Many studies show that babies have innate knowledge that they will be fed through breastfeeding. And amazingly, nature also has its way to leave hints to the babies to find the prime source of milk. Remember the darkening of your areolas and the visible line forming from your navel and up the stomach? Specialists say that babies are inclined to follow these dark spots and direct them to where the will be fed to be able to live. Talk about survival skills at a very young age!
You can ask help from a lactation consultant if you feel your baby is still not latching properly after a several months. Lactation experts say that teaching your baby to latch onto you need exact timing. As much as possible, nurse your as soon as you give birth. Right after delivery, you see that most babies elongate their tongues as if searching for something to suck. This is the natural drive to find the breast of the mother. Don’t miss the chance to latch the baby when the nurses bring the infant to your chest. The baby’s reflexes to find the milk source can last only for an hour or two.
You can also try latching in times the baby is longing for milk - especially in the morning. This adds a little pressure for the little one to open his or her mouth and perfectly latch onto you.
Aside from teaching you how latching works, the lactation expert can demonstrate how to extract milk from your breasts using either a manual or an electric pump.
You can also seek advice from the lactation specialist whether lactating mother need special diet to be able to produce more milk. Generally speaking, there is no formula or perfect meal plan to increase milk production. Based on studies, the quality of milk produced by a nursing mom is not influenced by the food intake. Milk is a reliable food source for baby at anytime. There is greater chance that an unhealthy diet will affect the mother than the baby.
The point of eating meals consist of proteins, fiber, and vitamins is for the mother to regain the lost energy during pregnancy. Add to that the energy needed to rear a growing child, take care of the family and finish the daily activities at home.
You can still eat and drink your usual food or even your favorites but always in moderation. Bear in mind that eating well will make you stronger to endure the sleepless nights and stressful days.
Regardless of the food you eat, the essential thing about breastfeeding is doing it frequently will lead to many rewarding things - your baby is nourished, you lactate more, and you cut a few inches off your waistline.
After giving birth, the action of breast feeding might seem like the most natural thing for a woman to do as it is one of the very first things she does when taking care of her newborn. Even if women have been lactating for centuries, it is not such an easy thing to learn. In fact, both mother and baby need to take their time and try to learn this complicated yet wonderful process. There are a few main things women have to learn and remember about breastfeeding before even beginning to lactate.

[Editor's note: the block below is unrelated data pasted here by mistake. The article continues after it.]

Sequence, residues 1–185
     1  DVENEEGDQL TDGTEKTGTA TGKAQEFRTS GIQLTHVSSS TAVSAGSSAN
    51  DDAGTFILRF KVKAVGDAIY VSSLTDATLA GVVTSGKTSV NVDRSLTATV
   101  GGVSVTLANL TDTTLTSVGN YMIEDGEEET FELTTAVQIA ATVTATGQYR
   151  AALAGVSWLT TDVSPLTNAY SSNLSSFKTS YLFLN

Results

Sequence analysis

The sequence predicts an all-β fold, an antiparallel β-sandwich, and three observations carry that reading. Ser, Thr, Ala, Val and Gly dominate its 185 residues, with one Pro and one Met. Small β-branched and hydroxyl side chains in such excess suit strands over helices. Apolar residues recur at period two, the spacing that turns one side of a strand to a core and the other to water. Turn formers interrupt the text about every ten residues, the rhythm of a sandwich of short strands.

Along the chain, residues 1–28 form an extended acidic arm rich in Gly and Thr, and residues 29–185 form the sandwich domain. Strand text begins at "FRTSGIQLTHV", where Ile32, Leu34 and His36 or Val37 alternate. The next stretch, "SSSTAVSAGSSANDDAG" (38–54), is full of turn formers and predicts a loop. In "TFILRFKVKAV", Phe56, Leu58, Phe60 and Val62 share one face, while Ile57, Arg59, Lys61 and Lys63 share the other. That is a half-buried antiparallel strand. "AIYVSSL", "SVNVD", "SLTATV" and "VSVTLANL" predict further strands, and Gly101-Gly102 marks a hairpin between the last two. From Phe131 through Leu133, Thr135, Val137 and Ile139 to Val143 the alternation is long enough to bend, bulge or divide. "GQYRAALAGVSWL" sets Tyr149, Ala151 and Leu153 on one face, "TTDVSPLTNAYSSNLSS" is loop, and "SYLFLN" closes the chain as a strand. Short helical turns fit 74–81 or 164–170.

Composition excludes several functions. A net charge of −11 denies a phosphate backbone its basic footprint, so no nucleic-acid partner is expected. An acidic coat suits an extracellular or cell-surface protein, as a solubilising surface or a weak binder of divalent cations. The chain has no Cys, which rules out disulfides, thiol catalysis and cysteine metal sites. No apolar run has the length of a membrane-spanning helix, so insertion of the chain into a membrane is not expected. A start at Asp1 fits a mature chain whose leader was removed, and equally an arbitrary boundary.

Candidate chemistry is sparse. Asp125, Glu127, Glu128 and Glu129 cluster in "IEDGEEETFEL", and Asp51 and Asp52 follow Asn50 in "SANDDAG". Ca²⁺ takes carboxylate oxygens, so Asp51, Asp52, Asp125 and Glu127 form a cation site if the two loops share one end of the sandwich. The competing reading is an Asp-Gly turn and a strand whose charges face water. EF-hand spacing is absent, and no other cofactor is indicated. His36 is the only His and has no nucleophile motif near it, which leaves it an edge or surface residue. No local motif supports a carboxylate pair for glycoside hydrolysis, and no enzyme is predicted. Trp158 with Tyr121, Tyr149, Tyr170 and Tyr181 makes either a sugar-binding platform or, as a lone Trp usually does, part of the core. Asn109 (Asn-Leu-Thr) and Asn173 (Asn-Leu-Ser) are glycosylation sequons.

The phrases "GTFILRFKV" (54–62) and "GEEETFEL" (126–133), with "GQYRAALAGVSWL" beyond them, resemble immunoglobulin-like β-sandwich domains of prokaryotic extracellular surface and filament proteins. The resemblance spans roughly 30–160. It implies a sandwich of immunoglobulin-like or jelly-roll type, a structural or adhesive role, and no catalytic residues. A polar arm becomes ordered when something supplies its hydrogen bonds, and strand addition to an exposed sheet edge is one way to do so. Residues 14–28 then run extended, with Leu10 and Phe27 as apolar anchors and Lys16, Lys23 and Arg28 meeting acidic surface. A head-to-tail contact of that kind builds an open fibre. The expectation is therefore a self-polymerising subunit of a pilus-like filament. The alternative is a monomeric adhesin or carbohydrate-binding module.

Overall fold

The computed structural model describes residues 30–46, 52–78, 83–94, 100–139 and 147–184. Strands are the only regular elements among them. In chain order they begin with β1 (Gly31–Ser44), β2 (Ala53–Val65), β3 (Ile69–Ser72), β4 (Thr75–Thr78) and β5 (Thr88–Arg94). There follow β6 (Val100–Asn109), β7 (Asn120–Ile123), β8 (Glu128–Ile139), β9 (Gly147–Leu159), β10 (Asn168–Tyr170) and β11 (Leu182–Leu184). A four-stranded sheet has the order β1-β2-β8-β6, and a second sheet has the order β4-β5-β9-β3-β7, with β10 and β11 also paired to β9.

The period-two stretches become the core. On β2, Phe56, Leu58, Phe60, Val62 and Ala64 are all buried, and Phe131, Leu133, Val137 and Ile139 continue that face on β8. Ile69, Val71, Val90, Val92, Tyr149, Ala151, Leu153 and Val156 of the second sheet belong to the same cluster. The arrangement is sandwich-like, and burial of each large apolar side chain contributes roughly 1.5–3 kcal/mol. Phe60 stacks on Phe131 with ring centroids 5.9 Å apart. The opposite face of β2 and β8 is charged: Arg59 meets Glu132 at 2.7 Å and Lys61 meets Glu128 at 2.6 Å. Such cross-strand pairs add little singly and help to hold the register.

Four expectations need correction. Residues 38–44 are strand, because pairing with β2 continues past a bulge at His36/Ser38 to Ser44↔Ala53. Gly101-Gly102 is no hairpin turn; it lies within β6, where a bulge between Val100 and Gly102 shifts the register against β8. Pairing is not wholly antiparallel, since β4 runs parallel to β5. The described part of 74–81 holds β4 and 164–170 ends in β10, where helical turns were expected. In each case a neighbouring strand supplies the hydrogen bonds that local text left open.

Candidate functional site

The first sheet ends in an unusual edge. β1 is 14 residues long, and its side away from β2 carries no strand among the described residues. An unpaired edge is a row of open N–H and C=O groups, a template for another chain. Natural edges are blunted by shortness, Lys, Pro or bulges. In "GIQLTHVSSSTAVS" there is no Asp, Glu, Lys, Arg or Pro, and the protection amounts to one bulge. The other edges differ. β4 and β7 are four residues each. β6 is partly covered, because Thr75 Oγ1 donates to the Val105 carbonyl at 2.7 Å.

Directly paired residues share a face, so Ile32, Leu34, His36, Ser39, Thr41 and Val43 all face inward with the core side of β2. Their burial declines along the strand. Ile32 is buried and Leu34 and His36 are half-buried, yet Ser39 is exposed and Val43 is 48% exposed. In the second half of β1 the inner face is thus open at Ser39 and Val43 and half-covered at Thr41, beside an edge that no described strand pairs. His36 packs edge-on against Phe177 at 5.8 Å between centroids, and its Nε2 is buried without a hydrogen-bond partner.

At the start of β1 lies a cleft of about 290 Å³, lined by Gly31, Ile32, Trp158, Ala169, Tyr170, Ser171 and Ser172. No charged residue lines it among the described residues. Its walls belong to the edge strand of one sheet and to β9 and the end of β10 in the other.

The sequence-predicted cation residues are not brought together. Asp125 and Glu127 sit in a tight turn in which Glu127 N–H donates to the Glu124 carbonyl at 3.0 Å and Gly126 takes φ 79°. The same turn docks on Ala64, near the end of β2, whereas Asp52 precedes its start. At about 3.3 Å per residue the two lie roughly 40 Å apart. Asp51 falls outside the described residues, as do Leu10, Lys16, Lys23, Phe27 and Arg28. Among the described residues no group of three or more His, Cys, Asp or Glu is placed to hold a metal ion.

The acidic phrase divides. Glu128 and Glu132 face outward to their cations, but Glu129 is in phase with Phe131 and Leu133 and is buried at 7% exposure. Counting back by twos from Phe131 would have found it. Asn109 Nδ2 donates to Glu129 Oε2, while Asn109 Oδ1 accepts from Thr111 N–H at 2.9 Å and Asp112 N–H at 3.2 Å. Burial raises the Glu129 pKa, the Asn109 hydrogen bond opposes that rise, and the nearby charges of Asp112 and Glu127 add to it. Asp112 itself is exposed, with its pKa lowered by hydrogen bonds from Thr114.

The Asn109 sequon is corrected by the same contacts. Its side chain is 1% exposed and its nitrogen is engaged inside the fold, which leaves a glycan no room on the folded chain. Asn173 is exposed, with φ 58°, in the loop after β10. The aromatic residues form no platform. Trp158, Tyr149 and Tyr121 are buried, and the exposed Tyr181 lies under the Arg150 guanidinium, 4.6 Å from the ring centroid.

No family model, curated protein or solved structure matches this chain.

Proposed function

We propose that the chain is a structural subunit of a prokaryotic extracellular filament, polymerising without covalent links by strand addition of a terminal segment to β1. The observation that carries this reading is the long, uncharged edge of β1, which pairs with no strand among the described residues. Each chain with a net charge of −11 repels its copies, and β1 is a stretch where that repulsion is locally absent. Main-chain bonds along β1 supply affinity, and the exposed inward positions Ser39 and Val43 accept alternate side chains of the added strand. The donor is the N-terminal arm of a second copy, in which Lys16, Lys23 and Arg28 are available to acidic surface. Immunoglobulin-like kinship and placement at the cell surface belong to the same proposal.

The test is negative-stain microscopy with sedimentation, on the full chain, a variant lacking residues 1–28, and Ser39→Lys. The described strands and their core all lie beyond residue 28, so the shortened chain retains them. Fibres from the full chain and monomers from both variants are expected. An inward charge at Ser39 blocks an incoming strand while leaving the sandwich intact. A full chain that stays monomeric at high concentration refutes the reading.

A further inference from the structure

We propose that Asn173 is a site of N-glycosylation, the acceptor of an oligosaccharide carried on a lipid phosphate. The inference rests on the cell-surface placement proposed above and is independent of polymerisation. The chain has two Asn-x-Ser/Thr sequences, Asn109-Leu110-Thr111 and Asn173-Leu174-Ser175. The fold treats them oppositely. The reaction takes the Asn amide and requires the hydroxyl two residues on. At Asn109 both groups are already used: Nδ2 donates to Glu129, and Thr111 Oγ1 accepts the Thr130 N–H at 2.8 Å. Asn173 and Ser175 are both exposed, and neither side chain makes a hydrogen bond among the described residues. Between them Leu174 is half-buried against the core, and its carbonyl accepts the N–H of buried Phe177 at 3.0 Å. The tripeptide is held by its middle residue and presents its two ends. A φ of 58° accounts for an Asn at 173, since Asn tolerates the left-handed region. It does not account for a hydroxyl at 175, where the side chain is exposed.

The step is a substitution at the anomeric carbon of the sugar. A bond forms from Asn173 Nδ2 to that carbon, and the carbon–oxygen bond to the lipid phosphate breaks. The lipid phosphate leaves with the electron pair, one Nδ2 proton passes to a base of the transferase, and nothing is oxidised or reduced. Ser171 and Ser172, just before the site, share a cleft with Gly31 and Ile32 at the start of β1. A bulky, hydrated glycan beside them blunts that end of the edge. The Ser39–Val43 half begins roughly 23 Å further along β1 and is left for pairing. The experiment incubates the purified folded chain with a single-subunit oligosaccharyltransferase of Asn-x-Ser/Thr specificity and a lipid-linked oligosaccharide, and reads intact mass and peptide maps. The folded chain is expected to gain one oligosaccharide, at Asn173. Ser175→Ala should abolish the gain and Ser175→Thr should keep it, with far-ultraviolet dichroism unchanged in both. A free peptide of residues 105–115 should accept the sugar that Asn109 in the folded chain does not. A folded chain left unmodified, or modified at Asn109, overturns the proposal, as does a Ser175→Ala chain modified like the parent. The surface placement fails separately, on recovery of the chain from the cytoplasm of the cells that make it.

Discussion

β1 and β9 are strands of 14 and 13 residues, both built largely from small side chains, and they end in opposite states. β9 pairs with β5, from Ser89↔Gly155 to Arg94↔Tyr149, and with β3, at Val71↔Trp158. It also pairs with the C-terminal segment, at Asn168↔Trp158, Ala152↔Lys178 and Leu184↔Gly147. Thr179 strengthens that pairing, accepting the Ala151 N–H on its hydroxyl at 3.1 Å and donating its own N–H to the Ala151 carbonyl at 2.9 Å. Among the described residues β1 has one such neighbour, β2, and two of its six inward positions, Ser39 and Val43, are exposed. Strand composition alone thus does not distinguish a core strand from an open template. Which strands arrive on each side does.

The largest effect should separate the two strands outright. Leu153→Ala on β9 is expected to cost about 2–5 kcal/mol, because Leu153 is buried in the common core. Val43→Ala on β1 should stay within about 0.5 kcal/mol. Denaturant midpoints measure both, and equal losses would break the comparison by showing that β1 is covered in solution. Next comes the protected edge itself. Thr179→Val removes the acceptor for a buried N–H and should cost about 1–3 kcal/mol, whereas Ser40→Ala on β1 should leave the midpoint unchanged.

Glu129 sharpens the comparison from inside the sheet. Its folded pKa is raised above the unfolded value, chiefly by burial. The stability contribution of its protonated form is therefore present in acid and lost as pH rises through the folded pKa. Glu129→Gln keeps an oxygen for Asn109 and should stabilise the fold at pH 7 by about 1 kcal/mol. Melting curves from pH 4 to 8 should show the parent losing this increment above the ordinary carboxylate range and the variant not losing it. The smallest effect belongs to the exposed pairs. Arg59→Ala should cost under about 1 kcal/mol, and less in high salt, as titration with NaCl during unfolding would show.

The Importance of Being Relaxed While Breast Feeding
For a woman to successfully approach breast feeding, she needs to be first of all very relaxed. The anxiety of learning how to breastfeed summed up to external issues, can cause a chemical imbalance in the woman’s nervous system, which can lead to causing anxiety and stress. It is actually proven that anxious and nervous women produce much less milk compared to those who are happy and relaxed.
Doctors also recommend creating a comfortable and relaxed atmosphere by turning on soft music in the background, lighting up sweet-smelling candles, thinking positive thoughts and trying to fully enjoy this unique bonding experience that only a mother can have with her child. Using a soft pillow to support the baby while breast feeding can bring invaluable physical comfort also to the mother.
Learning About Breast Feeding
Once the baby is in the right position and ready to nurse, it is important to make sure he is latched properly to his mother’s breast. This is what many women consider to be the most difficult part about breast feeding as if the latch is not correct it can become very painful for the mother. Sometimes first-time mothers who need to become acquainted with breast feeding will find it that their nipples become very soar. A good solution is to place a cool table cloth on them and also using soothing gentle cream that will help them heal.
Many hospitals offer pregnant women free courses on lactating and, after birth, a nursing expert usually keeps the new mother to breast feed her baby for the first few times. The nurse shows the woman how to properly place the breast and nipple into her baby’s mouth and how to stimulate the suction. In fact, newborns usually need a little bit of encouragement to keep nursing as the act itself requires a lot of energy on the baby’s part and he, being so little, gets tired easily and falls asleep.
Doctors also recommend keeping track of the first breastfeeding cycles as the baby should be latched on each breast for minimum 20 minutes at a time. The reason is because the longer the baby nurses, the more breast milk the woman’s body will produce. When the baby stops breastfeeding, the mother should take advantage of this short break make sure to stay hydrated and have a healthy snack. Proper nutrition, as well as regular liquid intake can help increase the quantity of milk production and ease the process of breast feeding.
Originally posted 2013-05-24 20:17:47.